After The Terminal, there was a sense that Spielberg wanted to address 9/11 but didn't know how to (The Terminal is a film that is about September 11 without actually being about it). And with War of the Worlds he took it head on. This though may be building to his next film, Munich or Revenge, or whatever it will eventually be called. And after A.I. (a career changing film if there ever was one), Spielberg seems on a more introspective path, as A.I. seems more important to Spielberg's "Adult" career than the myriad of films that proceeded it (with Empire of the Sun left out of this equation as I haven't seen it since it hit video... When I was 12).
Ultimately the crisis in War of the Worlds is that it is balls to bone a summer picture, and as such the final twenty minute allow for some as reductively done as possible heroics that make Tom Cruise's Ray Ferrier character at least something of a good guy. I don't know if this is a problem of the film, per se, so much as the nature of the beast. Spielberg is ultimately smuggling, and that's okay. It just weakens the tenor of the picture and keeps it from being a masterpiece. But it's a pretty remarkable "Incoherent text"
The biggest flaw of the film is Ray's son Robbie, who feels more a plot device than character. As has been discussed elsewhere, he must be an ass to Ray the entire time. At first this works. Any person interested in the craft of filmmaking would do well to study the sequence in which Ray and Robbie play baseball. From Robbie donning the hat, to their conversation, and aggressions, Spielberg rightfully can call himself a master. Alas, Robbie runs off to join the Army at one point, and then returns for the end. This is the inherent compromise of making a nine figure picture, as Robbie is shown going into a situation that looks to be apocalyptic and offers no hope, which gave me the sense that the last 20 some minutes (on first viewing) could be read as a fever dream of relief. Alas, that interpretation doesn't hold water under the numerous repeat viewings I've given the film.
This also ties into some of the elements that become more glaring after first viewing. Ray tries to keep his daughter Rachel oblivious to the death and destruction around them as often as possible (in a way that recalled for me a film Spielberg supposedly HATED, Life is Beautiful), and as the film is told subjectively through Ray, we're not sure what Robbie's seeing that would make him run off to war, to think that there was something he could do. His character is meant to represent a mindset, but over the course of the film, with the aliens kicking mucho anus, it's hard to see why he'd feel the way he does. I guess though that has more to do with me. But even so, the biggest problem with the film is that characters keep complaining once they've seen the shit. Rachel complains about sleeping in the basement, and the films already hit a point where Rachel should have seen enough to know that maybe listening to Dad in this situation might have merit. So certain sequences have greater power than others, like the car ride (a remarkable CGI'd one shot, again, Spielberg is an absolute master), but characters keep yelling to cover up the fact if they sat down and listened then they might stop yelling. I guess that's fine, but when the world looks to be going to the shitters, you know, you think there might be a moment of taking stock. Again, fever dream.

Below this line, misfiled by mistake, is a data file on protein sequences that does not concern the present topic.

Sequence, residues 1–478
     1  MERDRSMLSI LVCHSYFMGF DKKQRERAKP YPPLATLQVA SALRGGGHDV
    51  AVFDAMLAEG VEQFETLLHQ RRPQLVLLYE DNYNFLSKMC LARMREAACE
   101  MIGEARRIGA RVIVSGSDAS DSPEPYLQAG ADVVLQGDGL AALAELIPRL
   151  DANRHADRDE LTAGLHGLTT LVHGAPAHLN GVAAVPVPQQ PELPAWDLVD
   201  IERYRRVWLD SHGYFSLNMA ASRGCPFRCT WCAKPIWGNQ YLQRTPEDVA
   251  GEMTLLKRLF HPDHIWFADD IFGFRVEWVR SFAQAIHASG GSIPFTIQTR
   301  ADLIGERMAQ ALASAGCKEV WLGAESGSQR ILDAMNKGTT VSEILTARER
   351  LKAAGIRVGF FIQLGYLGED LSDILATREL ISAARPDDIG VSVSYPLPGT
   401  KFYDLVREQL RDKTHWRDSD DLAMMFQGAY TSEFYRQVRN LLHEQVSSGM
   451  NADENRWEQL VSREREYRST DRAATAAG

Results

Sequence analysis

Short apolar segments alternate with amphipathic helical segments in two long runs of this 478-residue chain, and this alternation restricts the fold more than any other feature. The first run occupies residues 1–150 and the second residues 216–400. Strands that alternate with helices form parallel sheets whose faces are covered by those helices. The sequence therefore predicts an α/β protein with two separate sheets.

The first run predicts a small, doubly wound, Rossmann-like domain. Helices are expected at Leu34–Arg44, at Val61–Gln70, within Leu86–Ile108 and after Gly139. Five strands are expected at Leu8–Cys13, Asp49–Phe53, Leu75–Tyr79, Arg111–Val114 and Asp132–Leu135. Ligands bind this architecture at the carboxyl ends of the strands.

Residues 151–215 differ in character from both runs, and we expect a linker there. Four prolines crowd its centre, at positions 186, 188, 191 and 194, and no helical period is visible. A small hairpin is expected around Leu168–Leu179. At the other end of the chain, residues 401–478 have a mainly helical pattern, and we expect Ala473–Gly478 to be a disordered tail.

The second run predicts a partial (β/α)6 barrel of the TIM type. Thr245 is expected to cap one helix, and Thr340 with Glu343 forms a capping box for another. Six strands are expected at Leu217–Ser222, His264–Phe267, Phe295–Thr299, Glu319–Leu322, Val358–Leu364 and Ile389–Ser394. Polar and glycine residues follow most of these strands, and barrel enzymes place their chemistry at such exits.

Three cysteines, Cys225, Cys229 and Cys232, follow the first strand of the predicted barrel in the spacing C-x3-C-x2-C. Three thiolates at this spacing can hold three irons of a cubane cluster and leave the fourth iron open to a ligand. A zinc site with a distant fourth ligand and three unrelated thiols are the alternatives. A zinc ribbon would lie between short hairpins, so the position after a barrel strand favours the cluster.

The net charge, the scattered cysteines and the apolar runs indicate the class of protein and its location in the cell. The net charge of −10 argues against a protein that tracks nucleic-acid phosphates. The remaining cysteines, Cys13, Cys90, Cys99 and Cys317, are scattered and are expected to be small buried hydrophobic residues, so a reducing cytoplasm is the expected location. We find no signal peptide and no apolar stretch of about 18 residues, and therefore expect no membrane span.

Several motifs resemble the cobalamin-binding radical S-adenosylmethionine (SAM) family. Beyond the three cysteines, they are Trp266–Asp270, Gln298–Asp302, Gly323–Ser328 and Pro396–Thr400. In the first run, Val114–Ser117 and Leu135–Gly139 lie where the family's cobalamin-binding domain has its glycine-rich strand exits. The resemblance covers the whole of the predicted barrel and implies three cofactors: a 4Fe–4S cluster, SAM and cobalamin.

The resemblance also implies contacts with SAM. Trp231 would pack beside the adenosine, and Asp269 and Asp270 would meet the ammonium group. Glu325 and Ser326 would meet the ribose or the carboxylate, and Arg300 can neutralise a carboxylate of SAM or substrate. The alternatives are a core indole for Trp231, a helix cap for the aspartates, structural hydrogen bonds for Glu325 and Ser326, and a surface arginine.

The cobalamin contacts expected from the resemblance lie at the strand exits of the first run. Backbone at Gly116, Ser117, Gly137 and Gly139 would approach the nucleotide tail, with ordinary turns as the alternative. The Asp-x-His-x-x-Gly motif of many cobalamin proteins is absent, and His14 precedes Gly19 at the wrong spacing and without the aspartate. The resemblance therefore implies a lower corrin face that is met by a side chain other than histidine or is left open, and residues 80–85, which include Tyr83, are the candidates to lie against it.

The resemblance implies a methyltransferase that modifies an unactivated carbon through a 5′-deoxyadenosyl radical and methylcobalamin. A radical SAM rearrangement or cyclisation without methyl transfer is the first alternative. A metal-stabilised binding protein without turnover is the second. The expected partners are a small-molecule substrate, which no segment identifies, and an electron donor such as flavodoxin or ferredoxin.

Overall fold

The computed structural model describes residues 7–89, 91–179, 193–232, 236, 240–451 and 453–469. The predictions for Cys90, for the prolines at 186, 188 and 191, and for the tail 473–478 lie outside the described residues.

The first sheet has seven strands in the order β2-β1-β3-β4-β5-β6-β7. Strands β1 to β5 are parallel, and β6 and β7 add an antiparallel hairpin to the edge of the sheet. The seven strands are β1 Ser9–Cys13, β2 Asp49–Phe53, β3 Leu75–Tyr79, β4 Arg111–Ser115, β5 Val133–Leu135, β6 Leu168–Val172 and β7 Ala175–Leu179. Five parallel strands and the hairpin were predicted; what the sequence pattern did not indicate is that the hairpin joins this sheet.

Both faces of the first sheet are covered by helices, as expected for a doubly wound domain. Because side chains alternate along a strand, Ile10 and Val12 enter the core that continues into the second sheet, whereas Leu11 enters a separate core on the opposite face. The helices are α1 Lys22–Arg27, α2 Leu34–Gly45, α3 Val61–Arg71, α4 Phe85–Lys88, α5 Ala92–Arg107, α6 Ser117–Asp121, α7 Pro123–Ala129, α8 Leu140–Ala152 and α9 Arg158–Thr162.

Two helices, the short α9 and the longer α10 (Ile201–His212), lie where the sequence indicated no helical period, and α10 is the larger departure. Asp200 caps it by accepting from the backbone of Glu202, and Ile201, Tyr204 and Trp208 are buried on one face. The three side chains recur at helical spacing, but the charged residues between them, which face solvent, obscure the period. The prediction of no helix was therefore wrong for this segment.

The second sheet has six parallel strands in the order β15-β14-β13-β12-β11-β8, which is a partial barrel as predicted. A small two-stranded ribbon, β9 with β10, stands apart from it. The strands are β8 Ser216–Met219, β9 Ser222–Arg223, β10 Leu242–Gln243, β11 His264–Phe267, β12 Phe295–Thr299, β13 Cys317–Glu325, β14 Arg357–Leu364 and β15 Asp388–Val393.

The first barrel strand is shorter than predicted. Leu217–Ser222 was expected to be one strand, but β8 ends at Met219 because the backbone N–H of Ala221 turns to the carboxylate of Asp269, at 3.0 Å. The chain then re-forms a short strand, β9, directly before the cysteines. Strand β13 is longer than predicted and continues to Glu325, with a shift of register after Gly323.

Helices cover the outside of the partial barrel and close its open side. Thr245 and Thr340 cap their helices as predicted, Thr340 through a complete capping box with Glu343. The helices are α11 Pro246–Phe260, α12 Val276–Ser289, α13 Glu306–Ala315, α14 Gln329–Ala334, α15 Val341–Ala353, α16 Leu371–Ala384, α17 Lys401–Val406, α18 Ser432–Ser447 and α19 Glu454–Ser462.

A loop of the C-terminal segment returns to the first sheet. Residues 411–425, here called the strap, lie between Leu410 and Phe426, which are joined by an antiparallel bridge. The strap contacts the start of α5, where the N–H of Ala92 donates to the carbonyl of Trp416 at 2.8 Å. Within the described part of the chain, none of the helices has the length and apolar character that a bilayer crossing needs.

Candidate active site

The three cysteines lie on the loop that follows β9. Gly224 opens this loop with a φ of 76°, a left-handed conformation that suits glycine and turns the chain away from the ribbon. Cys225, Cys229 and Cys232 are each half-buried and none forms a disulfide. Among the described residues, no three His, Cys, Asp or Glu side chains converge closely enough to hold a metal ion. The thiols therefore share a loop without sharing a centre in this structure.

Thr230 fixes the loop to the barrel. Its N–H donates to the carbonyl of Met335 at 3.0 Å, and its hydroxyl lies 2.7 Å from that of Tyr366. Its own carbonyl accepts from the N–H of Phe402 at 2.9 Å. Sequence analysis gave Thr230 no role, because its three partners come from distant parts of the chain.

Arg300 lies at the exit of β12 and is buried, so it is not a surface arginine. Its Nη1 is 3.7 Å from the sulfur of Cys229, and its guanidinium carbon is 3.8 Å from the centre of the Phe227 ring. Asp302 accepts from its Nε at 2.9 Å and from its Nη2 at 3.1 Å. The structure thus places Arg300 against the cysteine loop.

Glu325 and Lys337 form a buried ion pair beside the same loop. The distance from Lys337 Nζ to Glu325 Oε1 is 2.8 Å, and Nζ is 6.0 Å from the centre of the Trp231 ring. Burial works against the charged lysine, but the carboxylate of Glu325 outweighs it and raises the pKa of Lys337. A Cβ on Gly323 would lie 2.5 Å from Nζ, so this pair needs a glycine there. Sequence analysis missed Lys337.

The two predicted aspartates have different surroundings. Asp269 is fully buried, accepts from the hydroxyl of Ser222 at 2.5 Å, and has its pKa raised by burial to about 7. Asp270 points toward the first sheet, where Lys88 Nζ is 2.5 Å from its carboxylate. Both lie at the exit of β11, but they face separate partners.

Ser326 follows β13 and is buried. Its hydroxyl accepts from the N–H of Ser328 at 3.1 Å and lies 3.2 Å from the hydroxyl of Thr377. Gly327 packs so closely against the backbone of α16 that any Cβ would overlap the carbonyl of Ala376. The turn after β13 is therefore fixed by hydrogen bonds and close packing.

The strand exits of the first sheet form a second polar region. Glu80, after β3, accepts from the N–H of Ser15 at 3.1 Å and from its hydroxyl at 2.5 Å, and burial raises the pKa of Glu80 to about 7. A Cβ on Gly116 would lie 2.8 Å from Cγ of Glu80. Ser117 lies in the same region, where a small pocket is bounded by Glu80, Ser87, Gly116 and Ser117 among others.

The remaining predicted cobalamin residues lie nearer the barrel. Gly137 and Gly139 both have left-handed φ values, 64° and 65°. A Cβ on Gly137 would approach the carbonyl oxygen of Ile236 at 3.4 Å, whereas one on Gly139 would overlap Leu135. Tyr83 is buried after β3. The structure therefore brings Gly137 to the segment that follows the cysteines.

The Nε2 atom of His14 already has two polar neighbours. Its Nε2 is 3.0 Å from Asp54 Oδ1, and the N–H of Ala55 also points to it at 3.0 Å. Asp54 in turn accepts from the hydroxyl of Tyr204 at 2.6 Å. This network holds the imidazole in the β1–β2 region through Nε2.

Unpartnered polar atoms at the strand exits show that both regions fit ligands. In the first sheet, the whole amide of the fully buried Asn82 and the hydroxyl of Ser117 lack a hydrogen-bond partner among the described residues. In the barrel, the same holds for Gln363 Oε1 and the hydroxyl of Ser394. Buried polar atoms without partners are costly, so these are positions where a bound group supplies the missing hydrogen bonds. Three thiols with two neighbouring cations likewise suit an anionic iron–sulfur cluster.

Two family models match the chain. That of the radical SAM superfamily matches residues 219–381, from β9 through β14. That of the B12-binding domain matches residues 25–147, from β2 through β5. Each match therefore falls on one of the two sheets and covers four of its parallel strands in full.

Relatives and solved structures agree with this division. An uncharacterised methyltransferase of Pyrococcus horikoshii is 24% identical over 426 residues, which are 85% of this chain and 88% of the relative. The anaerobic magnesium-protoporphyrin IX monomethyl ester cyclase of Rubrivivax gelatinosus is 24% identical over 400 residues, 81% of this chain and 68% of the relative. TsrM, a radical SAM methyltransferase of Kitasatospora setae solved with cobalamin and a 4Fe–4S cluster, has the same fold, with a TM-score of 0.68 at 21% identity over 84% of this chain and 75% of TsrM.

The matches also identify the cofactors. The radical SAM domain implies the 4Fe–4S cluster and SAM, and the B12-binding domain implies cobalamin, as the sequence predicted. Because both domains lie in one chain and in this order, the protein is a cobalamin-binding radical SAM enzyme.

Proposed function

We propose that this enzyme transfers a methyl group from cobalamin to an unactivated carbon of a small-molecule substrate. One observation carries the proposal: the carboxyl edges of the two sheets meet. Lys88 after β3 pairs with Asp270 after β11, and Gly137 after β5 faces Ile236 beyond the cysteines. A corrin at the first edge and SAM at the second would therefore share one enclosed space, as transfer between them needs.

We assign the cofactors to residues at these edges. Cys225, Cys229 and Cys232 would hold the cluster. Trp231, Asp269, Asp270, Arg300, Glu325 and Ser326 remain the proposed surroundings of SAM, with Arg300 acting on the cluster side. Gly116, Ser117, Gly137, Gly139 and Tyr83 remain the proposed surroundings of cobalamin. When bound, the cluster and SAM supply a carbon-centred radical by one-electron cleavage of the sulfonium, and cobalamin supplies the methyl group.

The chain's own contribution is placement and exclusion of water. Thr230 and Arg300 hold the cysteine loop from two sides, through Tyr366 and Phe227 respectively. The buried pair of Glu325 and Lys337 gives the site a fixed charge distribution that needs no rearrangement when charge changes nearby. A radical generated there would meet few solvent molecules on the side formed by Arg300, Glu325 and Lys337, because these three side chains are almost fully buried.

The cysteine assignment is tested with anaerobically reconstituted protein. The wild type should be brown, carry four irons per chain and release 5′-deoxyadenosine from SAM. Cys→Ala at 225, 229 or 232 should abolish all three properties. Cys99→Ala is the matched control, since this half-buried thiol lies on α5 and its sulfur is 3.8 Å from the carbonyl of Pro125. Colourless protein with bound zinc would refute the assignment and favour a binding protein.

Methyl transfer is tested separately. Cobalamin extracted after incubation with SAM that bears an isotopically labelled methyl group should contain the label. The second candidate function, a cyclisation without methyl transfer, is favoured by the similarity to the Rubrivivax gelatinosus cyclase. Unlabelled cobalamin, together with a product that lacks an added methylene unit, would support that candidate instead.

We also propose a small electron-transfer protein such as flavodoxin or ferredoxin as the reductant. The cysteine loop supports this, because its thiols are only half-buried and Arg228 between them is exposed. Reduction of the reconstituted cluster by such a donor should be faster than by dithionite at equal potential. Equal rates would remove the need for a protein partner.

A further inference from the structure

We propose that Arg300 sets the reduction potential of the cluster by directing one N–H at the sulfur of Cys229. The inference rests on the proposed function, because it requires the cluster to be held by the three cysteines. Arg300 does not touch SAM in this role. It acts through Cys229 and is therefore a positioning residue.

Another thing is that there is a lot of inconsistency to the vision. There's a great crashed jet plane that landed on Ray's ex-wife's house, and a crew of reports are ransacking the plane for food. We see a reporter chug water like she hasn't had any in a day or so. And yet this neighborhood seems unaffected, and their piracy seems more a point of having a set piece (and allowing for some exposition) then it behaving organically. And opening the question of food and water (which Ray's kids refused all but ten minutes earlier) points out that we're in movie land. This sort of "Huh" also hits in the ferry scene as people are in cars (cars with their lights on) when not but two scenes earlier people were dragging Ray's fam out of their working car because they wanted transportation. That sequence, the car theft scene, is impeccable, but between it and the ferry sequence (where people are sitting in working cars) it again points out that much of the film is done more for effect than coherence. I guess though one could argue the whole piece is meant to be a fever dream.
And this sense of "okay" becomes even more problematic in the third act, when Tim Robbins character Harlan Ogilivy switches at least two and possibly three gears, as he goes from war battled Ambulance driver, vigilante, to scared paranoid (the final transition allows for the film's bleakest sequence) but Harlan having been an ambulance driver... It just feels off. And what sets Harlan off is the Alien's use for humans, which, again, doesn't feel in tandem with what we've seen previous.
I say these things, but what I'm left with is that Spielberg made so much right, so many sequence of merit, and honestly commenting on the times, that I'm left weighing it's problems against the sum of its parts, which are all quite great. Spielberg knows how to put sequences together, and its an impressive feat, it just doesn't congeal.